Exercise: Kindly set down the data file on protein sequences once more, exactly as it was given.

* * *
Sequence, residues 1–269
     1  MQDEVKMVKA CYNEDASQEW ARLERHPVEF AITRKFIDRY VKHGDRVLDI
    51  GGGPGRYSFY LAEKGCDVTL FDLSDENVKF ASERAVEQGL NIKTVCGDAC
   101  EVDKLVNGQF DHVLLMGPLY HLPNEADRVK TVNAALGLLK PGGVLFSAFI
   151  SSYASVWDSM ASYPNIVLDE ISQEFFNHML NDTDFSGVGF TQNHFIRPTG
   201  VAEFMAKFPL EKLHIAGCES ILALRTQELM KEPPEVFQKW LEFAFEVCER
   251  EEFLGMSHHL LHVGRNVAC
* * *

Sequence, residues 1–269
     1  MQDEVKMVKA CYNEDASQEW ARLERHPVEF AITRKFIDRY VKHGDRVLDI
    51  GGGPGRYSFY LAEKGCDVTL FDLSDENVKF ASERAVEQGL NIKTVCGDAC
   101  EVDKLVNGQF DHVLLMGPLY HLPNEADRVK TVNAALGLLK PGGVLFSAFI
   151  SSYASVWDSM ASYPNIVLDE ISQEFFNHML NDTDFSGVGF TQNHFIRPTG
   201  VAEFMAKFPL EKLHIAGCES ILALRTQELM KEPPEVFQKW LEFAFEVCER
   251  EEFLGMSHHL LHVGRNVAC